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I have a HF 50 lb cast anvil, and it is dinged up and really crappy, maybe I'll do a sledge hammer test on it and post it, that would be fun! Try to crack it in half by smackin it really hard with a BFH!! What do you guys think? Should I do it? If I get 10 different affirmatives here, I will do it, and record it for posterity!

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Up to you, The MOB once took one of those anvils and drilled it out and made a propane stove out of it. Destruction is easy, creativity is hard!

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Thomas, do you ever post any pics of your projects here? I looked in the gallery and could not find you, and I don't remember ever seeing you post pics on a project.

Edited by divermike

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I'm going to have to go with ThomasPowers on this one. Creativity is hard, and the stove has been done already. Then again you *could* remake such an item.

Since it is grey cast iron it will probably carve (yes, carve) easily with a good cold chisel. How about making a sculpture?

Phil

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Divermike I own no camera, don't even own a cell phone. Every once in a while a friend will take a picture of something I have done---I don't know if the picture of my pattern welded pizza cutter is still out there; but I do bring stuff to put on the display tables at Quad-State and have shown off a bunch of stuff at SWABA meetings and demos.

Unfortunately my best stuff belongs to other people while I still have every mistake I have ever made!

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I truly admire people who are not limited by what they have or don't have.


Me too..... I am the best equipped & most under skilled guy you would likely ever meet. Not that I am proud of that but its the truth. Like I said in my original post, I'm a tool collector. I am finally progressing to the point that its not ridiculous to own the tools I own but only just barely...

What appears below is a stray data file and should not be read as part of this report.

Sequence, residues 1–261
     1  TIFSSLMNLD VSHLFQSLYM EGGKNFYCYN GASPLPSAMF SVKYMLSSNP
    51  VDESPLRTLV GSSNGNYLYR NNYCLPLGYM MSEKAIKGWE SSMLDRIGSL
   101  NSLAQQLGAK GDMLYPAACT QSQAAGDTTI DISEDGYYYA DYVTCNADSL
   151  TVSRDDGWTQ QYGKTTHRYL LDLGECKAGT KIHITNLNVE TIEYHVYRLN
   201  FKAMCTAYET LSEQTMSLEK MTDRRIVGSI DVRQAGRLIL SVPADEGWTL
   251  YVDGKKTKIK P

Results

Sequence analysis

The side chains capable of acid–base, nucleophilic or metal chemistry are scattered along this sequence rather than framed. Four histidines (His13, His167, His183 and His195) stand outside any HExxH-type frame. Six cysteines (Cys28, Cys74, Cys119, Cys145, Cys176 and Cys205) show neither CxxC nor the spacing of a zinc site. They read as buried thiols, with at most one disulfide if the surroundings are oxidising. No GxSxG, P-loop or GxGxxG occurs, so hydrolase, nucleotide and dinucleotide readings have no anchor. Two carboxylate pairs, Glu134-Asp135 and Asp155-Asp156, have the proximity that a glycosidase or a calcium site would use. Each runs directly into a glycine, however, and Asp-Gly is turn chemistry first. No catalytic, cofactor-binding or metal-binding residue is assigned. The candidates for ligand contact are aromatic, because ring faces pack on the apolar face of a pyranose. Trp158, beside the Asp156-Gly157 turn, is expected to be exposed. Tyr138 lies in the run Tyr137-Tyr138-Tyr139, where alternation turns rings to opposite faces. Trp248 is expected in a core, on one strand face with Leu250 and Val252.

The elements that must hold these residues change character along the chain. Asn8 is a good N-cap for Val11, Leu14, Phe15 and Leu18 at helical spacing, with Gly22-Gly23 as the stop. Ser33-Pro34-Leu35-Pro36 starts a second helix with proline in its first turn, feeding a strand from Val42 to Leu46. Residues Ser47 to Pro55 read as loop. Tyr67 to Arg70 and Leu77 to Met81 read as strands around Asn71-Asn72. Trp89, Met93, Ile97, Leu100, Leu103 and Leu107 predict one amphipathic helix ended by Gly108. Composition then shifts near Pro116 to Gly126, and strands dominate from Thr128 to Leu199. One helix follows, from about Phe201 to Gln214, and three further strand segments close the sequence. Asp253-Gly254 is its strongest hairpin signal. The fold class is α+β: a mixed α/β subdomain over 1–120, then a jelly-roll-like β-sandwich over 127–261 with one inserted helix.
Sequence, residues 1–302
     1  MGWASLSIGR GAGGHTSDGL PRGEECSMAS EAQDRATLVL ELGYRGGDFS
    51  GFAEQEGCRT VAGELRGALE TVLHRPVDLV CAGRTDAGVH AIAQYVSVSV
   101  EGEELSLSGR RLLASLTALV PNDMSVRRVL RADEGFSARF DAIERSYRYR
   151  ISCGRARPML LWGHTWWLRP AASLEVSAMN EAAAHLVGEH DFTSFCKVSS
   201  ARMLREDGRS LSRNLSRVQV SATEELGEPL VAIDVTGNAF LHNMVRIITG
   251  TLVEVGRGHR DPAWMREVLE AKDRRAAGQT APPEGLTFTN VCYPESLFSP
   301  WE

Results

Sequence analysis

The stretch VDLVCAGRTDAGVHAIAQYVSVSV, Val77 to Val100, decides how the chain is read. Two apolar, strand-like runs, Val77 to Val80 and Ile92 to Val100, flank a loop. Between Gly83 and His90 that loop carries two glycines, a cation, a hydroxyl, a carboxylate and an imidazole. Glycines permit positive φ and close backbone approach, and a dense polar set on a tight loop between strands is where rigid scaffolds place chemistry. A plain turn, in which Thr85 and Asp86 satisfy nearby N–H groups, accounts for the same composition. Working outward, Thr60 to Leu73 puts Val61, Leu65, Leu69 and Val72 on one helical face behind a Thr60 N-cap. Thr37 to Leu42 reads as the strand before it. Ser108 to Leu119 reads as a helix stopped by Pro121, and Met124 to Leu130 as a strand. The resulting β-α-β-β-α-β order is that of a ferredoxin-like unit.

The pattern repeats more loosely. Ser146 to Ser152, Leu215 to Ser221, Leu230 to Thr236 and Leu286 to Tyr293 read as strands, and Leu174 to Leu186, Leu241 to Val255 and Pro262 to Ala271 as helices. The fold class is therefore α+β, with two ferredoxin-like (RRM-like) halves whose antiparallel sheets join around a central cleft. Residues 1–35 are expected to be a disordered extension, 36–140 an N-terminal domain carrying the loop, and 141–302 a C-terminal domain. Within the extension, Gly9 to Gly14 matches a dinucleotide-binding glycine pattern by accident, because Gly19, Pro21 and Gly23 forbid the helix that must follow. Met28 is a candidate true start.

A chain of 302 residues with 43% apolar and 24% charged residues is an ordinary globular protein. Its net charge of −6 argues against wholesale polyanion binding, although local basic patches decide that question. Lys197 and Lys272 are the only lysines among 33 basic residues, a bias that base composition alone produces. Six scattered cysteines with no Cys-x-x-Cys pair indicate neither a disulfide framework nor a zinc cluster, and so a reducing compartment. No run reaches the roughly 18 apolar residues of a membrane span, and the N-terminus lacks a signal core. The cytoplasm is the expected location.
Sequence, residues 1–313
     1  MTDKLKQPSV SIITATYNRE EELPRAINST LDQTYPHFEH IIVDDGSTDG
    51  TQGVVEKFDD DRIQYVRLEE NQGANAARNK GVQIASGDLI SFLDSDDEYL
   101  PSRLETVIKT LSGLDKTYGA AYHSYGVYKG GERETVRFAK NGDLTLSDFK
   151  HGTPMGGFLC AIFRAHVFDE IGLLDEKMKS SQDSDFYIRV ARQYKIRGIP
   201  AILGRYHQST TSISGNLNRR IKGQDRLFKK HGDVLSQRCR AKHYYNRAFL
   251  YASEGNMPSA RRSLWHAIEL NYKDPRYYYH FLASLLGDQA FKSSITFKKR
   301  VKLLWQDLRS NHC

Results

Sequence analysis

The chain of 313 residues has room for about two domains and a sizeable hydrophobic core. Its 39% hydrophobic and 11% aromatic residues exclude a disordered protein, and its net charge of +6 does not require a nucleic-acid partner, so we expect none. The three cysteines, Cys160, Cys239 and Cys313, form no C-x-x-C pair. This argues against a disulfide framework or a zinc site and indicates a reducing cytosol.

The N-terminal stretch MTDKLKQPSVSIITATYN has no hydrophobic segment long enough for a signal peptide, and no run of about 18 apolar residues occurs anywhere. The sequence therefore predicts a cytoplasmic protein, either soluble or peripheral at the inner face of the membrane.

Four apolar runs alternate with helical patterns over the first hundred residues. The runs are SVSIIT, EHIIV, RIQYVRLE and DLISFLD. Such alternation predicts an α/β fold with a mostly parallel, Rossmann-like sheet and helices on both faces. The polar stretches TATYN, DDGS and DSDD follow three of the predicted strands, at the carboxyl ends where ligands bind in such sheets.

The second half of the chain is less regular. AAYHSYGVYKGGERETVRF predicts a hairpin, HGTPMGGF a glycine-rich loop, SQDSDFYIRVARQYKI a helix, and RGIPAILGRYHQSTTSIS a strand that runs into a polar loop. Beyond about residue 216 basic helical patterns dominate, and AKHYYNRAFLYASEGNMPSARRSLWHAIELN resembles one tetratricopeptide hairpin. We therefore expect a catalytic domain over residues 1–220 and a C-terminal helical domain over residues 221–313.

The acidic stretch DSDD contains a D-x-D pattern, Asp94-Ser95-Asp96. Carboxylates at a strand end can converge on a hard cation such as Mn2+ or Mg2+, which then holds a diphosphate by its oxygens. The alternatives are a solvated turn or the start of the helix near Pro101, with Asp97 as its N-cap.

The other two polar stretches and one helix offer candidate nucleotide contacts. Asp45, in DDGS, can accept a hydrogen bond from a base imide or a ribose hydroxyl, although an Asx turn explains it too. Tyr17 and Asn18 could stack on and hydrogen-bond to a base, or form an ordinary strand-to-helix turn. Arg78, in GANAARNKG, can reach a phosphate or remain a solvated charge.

But just because you don't "need" something doesn't mean it cant be a whole lot of fun to own and play with.... Is it that strange that I would rather have a Nazel than a Corvette? That I sold my Harley so I could buy a Chambersburg? But still every time I go to a conference or attend a blacksmith event I feel a little depressed... I look at the skill and craftsmanship of my peers and wished I would have caught the bug 15 years earlier. And I dont know that I'll would ever have the artistic ability to be a name in the blacksmith world even if I had a 100 years to practice. If I could trade every single tool in my shop in exchange for the knowledge, skill and understanding that comes with a lifetime of working at the anvil... Id make that trade in a second.... The tools are meaningless in the face of knowledge and skill.... But since I live in the "real" world and its unlikely I'll run into a "skills" fairy any time soon... I'll just keep practicing and taking classes and making an effort to improve a little every day...
I guess I should also say that metalworking is my only source of income and I do spend an average of 80 hours a week doing what I can to learn.. That 5 years ago I quit a great job because I knew that without working at it full time I would never become the metalworker I aspired to be...

How does this relate to cast anvils? Well I guess my thought is although I find having a nice tool increases the joy of its use, A inferior tool in the hands of a master will do a fine job.. He (or she) will produce in spite of the tools shortcomings... A superior tool in the hands of a average smith just makes the average work he does a little more enjoyable Edited by monstermetal
more to say?

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I have a HF 50 lb cast anvil, and it is dinged up and really crappy, maybe I'll do a sledge hammer test on it and post it, that would be fun! Try to crack it in half by smackin it really hard with a BFH!! What do you guys think? Should I do it? If I get 10 different affirmatives here, I will do it, and record it for posterity!


Why don't you just use it? There are lots of things that it is still good for. Many of the uses don't even require any modification. I have a small cast iron anvil. I don't call it an ASO. It is really an anvil. I have used it to: